NASA's Hubble Space Telescope captures the echo of supernova light
NASA's James Webb Space Telescope is set to go through the next round of testing. He recently completed a one-hundred-day test in a vacuum chamber at the Johnson Space Center.
( Chris Gunn / NASA )
The James Webb Space Telescope, a part of NASA's next large and strong space observatory, has just emerged from a giant thermal vacuum chamber at the Johnson Space Center in Houston.
The JWST was removed last week after being inside the chamber for about 100 days since July, where it was tested at extremely cold temperatures, to see if it was prepared to face the frigid conditions of space.
The Most Powerful Space Telescope
The JWST will be the most powerful man-made space telescope. Orbit a million miles from the planet and allow researchers to observe the deepest corners of the universe and help them to know more about the primordial galaxies.
The space telescope has a primary mirror that is six times the size of NASA's Hubble Space Telescope. With its extremely high resolution, JWST will have the ability to study the atmosphere of exoplanets. However, before it launches from French Guiana, the US space agency must ensure that the telescope can withstand the launch as well as the unfriendly space environment.
The JWST has already undergone vibratory and acoustic testing at the Goddard Space Flight Center in Maryland. , which simulated the conditions of the launched spacecraft carrying the telescope. The telescope will now head to Northrop Grumman, California, where it will undergo another round of testing before being released sometime in 2019.
The Northrop Grumman aerospace company is the main defense contractor that has been building the space telescope for NASA. The next phase of JWST development will see that its main mirror is connected to a sunscreen, which has been designed to prevent overheating. It is built with thin layers of Kapton, a material that will expand and clog the intense heat of the sun.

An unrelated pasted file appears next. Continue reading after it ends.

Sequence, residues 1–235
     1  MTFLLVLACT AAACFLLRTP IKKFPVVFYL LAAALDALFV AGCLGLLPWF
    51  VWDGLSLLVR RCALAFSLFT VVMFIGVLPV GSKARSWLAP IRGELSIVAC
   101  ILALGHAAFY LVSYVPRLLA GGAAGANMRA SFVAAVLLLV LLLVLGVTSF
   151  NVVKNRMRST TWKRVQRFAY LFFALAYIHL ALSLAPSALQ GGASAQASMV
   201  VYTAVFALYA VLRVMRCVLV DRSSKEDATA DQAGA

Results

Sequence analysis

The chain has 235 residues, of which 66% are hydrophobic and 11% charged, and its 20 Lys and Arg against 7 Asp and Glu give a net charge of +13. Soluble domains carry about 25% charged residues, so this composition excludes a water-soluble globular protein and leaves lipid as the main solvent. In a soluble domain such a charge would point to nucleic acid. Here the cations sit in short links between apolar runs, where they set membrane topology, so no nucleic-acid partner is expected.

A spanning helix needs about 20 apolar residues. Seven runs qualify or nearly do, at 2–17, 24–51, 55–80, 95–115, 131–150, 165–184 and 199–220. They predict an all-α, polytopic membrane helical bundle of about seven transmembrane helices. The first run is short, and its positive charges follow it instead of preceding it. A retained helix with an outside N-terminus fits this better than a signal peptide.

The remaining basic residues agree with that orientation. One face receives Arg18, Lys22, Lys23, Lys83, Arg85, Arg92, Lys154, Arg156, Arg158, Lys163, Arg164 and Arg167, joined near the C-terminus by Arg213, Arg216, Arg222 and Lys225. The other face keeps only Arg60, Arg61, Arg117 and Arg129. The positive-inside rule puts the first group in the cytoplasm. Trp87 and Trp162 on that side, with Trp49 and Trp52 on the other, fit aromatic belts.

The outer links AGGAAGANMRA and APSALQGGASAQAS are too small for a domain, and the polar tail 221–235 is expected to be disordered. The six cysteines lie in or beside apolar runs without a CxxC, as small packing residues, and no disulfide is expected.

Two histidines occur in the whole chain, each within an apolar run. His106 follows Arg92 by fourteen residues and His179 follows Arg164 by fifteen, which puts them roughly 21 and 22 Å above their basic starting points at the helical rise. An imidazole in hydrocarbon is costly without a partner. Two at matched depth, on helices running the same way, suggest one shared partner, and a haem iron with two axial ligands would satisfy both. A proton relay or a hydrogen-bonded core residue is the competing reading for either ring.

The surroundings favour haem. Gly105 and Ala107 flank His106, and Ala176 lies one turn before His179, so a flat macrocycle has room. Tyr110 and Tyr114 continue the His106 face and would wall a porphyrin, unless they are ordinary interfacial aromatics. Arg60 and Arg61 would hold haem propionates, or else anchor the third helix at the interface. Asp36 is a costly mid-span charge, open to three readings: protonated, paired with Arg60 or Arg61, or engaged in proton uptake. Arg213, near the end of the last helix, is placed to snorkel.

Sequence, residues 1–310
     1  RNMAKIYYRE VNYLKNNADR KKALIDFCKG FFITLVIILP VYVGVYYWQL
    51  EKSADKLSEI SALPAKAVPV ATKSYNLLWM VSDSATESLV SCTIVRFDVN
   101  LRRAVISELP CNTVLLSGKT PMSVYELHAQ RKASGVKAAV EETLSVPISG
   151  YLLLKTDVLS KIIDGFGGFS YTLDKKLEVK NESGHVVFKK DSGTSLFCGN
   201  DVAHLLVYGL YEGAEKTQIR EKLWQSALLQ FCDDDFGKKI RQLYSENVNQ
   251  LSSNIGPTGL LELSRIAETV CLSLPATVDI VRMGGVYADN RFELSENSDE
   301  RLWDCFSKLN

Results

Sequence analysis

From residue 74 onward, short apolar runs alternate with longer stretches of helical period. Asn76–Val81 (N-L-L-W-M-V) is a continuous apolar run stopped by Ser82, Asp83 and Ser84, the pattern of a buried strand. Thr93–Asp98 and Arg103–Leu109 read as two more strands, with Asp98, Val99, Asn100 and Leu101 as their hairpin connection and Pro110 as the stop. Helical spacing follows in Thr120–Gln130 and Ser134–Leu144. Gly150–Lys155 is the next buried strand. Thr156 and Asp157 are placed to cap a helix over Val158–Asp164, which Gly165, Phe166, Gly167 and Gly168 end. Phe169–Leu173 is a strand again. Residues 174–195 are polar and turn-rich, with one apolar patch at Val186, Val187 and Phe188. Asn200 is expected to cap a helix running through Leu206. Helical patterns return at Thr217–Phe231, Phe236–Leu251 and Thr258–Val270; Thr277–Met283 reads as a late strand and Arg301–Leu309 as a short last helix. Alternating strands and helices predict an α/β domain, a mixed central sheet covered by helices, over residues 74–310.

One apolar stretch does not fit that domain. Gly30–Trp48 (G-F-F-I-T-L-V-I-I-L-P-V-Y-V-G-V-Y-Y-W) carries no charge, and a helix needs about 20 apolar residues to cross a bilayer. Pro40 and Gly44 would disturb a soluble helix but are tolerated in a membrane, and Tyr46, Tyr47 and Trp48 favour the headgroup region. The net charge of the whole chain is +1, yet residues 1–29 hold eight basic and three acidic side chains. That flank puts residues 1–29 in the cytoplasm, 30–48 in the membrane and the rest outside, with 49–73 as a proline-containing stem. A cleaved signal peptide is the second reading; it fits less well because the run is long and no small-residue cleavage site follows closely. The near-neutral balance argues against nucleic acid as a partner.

First scientific objectives of JWST
Once it is launched in 2019, the JSWT is expected to start sending results by the end of that year. The initial scientific objectives of the space telescope will include some of the oldest observable galaxies, exoplanets, supermbadive black holes at the centers of galaxies, as well as Jupiter and its moons.
The director of the Science Institute of the Space Telescope Ken Sembach chose 13 observations planned last month from more than 100 proposals submitted by global scientific teams to have the opportunity to be among the first users of JWST after its release.
"We were impressed by the high quality of the proposals received," said Sembach. "These observation programs will not only generate great science, but will also be a unique resource to demonstrate the research capabilities of this extraordinary observatory to the global scientific community."
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